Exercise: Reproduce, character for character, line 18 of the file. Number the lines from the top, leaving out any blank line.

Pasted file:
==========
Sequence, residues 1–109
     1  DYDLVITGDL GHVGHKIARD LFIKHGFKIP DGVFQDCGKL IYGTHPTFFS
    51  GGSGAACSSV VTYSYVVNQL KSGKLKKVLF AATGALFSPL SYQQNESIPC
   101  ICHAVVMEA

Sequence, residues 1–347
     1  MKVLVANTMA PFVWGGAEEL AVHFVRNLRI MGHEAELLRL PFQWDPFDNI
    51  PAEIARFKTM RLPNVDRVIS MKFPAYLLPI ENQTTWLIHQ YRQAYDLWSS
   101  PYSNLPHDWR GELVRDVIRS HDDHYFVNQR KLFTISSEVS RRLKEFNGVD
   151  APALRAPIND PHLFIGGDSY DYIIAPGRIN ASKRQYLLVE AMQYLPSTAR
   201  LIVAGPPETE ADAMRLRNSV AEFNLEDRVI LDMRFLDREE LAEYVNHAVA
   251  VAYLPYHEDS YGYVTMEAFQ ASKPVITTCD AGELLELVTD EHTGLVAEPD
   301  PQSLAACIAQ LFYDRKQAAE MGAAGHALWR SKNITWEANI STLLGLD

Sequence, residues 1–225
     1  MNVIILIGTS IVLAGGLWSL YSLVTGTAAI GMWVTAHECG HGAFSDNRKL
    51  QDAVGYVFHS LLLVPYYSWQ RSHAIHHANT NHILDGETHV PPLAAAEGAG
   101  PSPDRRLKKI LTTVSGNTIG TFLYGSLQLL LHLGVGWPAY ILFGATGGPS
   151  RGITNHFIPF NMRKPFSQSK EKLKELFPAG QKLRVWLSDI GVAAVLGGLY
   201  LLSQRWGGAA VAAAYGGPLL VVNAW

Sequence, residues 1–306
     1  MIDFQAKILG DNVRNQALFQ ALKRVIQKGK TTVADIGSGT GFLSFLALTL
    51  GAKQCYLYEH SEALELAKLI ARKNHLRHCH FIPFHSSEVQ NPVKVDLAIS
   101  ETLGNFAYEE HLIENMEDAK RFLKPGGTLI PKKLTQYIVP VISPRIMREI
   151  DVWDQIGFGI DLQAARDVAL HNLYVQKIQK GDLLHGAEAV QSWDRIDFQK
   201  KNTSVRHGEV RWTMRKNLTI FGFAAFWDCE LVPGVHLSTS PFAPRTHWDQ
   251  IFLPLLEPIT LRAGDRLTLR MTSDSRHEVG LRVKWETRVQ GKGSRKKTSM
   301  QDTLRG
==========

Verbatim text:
   201  LLSQRWGGAA VAAAYGGPLL VVNAW